3. Buy more small things instead of a few big ones

If you had the option to choose between five small gifts worth a combined $100 or one big $100 gift, which would you choose? You may be leaning towards the latter option, but consider this: what if you regularly got $100+ gifts all the time? Eventually, you’d start to adapt to them, and they wouldn’t be as exciting. Frequent, small pleasures can be novel and exciting every time — you could, for instance, try out a new coffee shop once a week and treat yourself to a nice latte. The gift itself might be similar, but your experience will be unique each time. I love this one. For years I’ve felt guilty whenever I’d read a ‘ways to save money’ blog where they always seemed to include a suggestion to give up the daily run to Starbucks. I’ve always felt my regular small indulgence for my morning coffee was one of life’s great pleasures — now I have evidence of it! (For clarity, I’m actually a Dunkin’ fan: medium, original blend, two creams, no sugar. Feel free to buy me a coffee if you’re so inclined.)

By the way, this isn’t to say you can’t enjoy infrequent grand gifts. But studies show that these should stay just that: infrequent. So, if you’re going to spend money, try spreading it out across a few purchases instead of one larger spending spree.

4. Say no to extended warranties

You may have done a double-take at that headline. How would an extended warranty have any impact on your happiness? But extended warranties, return policies, and other forms of insurance offer us one specific form of comfort: a backup plan. You buy something, bring it home, decide you don’t like it, bring it back, and get your money refunded. It’s a simple, common process that you probably do quite frequently. But what about those things you bought on final sale that you couldn’t return? Do you find yourself reaching for them more often to justify your purchase, even if you didn’t initially love it? If so, you’ll see this principle in action. Studies show that people have more appreciation for an item if they can’t return it and are happier with it in the long term than people who purchased (or were given) the same item with a return policy. Though they can certainly seem useful, adding an expensive warranty to your purchase can be unnecessary and even lower your appreciation for your purchase.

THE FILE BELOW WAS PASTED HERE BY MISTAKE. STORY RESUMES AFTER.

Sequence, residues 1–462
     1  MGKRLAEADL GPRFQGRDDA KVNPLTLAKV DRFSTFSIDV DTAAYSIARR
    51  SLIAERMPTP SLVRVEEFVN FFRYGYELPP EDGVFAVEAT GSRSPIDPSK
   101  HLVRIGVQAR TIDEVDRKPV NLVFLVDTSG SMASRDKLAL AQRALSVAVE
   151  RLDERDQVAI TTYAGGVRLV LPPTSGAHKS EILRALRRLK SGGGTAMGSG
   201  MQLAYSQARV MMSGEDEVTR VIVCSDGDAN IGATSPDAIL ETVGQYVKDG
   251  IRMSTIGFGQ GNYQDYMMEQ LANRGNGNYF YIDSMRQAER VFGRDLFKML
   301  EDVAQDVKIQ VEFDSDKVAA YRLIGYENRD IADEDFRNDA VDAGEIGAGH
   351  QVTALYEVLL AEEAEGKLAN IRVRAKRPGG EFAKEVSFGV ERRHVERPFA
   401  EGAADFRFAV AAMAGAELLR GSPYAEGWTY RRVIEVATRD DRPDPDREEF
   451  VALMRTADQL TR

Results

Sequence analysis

On this point, I recommend watching the TedX talk from Dr. Dan Gilbert on the Science of Happiness. Starting at the 15:00 minute mark, he describes a study where one’s perceived happiness is expected to increase when we have choices, but the results show the opposite: we are actually happier when we are stuck with what we got!

So there you have the first four principles of money and happiness. Stay tuned for Part Two to learn the remaining ones for you can spend your money more intentionally in a way that brings joy to your life (and those around you too).